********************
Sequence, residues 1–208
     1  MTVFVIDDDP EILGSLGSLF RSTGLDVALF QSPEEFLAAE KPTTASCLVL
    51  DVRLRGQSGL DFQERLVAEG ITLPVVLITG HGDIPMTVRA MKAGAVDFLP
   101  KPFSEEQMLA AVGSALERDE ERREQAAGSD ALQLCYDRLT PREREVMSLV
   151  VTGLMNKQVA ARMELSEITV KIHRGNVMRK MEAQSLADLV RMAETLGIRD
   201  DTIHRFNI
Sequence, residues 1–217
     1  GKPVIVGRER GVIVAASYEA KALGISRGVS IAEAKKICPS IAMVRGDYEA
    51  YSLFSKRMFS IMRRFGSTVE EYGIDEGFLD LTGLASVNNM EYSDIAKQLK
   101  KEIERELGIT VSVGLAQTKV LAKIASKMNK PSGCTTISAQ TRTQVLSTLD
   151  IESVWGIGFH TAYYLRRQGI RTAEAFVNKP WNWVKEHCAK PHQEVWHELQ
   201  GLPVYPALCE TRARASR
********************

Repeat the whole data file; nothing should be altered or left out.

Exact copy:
Sequence, residues 1–208
     1  MTVFVIDDDP EILGSLGSLF RSTGLDVALF QSPEEFLAAE KPTTASCLVL
    51  DVRLRGQSGL DFQERLVAEG ITLPVVLITG HGDIPMTVRA MKAGAVDFLP
   101  KPFSEEQMLA AVGSALERDE ERREQAAGSD ALQLCYDRLT PREREVMSLV
   151  VTGLMNKQVA ARMELSEITV KIHRGNVMRK MEAQSLADLV RMAETLGIRD
   201  DTIHRFNI
Sequence, residues 1–217
     1  GKPVIVGRER GVIVAASYEA KALGISRGVS IAEAKKICPS IAMVRGDYEA
    51  YSLFSKRMFS IMRRFGSTVE EYGIDEGFLD LTGLASVNNM EYSDIAKQLK
   101  KEIERELGIT VSVGLAQTKV LAKIASKMNK PSGCTTISAQ TRTQVLSTLD
   151  IESVWGIGFH TAYYLRRQGI RTAEAFVNKP WNWVKEHCAK PHQEVWHELQ
   201  GLPVYPALCE TRARASR